Insulæ Canariæ alias Fortunatæ dictæ

Method Copper engraved
Artist Dapper, Olfert
Published [Jacob van Meurs, Amsterdam, 1670]
Dimensions 255 x 336 mm
Notes A decorative map of the Canary Islands, with Madeira and Porto Santo also featured, from the German edition of Dapper's Naukeurige Beschrijvinge der Afrikaensche Gewesten, commonly known as the Description of Africa. The map is adorned with a compass rose, rhumb lines, sailing ships, and a decorative title cartouche, surrounded by merpeople. The Canary Islands play an important part in the history of navigation. In antiquity, the islands were often associated with myths of the Isles of the Blessed, or the location of the famous Garden of the Hesperides from the myth cycles of Hercules. The islands may have been discovered by Hanno the Navigator in the 6th century BC, but are not properly attested until the first century AD, when resettled by King Juba II of Numidia as part of his expansion of the trade in purple dye along the Atlantic coast of modern day Morocco.

By the 15th century, the islands had become a vital stopping off point in Atlantic navigation, providing a refuelling point for ships crossing to the New World, or rounding the Cape of Good Hope en route to the Spice Islands in the East Indies. This made the Canaries a popular location for pirates, particularly Ottoman privateers from the North African coast. Kemal Reis and Murat Reis both targeted the islands, in the hope of disrupting Spanish mercantile trade, and the Barbary Pirates made slave raids against the local populace during the early seventeenth century. Colonial powers were also a threat to Spanish dominance, with the most significant attacks coming from the Dutch in 1599, and from the British in 1797. It was during the latter, off the coast of Santa Cruz de Tenerife, that Admiral Nelson lost his arm.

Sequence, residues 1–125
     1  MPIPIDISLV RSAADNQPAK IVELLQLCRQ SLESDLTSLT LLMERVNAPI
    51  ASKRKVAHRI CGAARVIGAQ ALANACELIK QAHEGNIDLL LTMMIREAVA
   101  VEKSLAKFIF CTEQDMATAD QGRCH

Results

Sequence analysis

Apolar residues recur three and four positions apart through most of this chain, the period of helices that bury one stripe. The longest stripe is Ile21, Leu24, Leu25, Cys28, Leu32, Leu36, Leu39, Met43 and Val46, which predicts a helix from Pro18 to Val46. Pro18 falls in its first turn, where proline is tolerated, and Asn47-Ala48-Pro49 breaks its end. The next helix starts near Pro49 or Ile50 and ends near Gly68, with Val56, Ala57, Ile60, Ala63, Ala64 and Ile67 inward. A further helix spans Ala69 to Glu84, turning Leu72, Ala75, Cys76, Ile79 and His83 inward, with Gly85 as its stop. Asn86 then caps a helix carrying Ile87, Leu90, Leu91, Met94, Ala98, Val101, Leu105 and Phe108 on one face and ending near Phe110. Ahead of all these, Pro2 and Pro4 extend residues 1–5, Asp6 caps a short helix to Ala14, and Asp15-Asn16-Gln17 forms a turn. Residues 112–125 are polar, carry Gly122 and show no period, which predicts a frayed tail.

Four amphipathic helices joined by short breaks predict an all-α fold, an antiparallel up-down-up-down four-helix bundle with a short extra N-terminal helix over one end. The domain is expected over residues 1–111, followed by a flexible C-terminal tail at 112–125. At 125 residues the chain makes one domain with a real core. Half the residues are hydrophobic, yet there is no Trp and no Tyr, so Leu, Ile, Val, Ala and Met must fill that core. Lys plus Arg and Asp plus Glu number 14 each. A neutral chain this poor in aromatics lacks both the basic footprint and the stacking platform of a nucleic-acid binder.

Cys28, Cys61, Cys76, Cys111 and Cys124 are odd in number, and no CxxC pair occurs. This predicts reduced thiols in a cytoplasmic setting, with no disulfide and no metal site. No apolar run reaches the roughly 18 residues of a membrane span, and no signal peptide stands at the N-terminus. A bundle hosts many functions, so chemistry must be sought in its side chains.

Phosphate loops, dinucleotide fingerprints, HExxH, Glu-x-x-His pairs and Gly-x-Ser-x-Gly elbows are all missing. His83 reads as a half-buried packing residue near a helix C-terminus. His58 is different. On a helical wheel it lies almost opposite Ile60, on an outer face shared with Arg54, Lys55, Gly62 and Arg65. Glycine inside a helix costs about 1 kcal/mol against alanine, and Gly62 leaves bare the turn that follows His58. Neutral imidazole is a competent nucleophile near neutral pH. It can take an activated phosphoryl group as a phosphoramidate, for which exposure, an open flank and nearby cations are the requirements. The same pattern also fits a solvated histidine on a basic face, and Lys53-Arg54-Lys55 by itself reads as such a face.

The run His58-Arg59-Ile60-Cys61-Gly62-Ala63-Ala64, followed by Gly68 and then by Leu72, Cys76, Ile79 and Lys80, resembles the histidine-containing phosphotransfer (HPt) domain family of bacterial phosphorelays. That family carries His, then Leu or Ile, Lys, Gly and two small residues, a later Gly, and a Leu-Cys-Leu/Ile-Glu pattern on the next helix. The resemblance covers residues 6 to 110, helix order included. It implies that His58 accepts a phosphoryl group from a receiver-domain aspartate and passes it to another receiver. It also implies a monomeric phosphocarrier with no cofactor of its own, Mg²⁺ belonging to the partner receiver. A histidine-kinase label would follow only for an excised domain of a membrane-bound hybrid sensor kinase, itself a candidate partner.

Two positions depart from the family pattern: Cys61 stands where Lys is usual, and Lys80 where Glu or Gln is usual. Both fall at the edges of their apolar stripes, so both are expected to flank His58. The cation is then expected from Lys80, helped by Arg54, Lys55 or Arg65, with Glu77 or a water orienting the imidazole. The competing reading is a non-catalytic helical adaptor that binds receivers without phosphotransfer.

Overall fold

Olfert Dapper's 'Description of Africa' was an ethnographic book which offered a detailed description of the parts of Africa known to Europeans in the mid-seventeenth century. Despite the work being regarded as one of the most important and detailed seventeenth-century publications on Africa, Dapper himself never actually visited the continent. Instead, he relied on the reports of Jesuit missionaries and Dutch explorers. The 'Description of Africa' was first published in 1668 by Jacob van Meurs in Amsterdam, with a second Dutch edition appearing in 1676. In 1670, a German translation of the publication was issued, and in the same year, an English translation, which is generally attributed to John Ogilby. A French edition was published in 1676, although it was not as true to the original as the other translations.

Olfert Dapper (1636 - 1689) was a Dutch physician and writer. Despite never travelling outside of the Netherlands, Dapper was a writer of world history and geography.

Condition: Vertical centre fold as issued. Time toning to sheet
Framing framed
Price £450.00
Stock ID 44529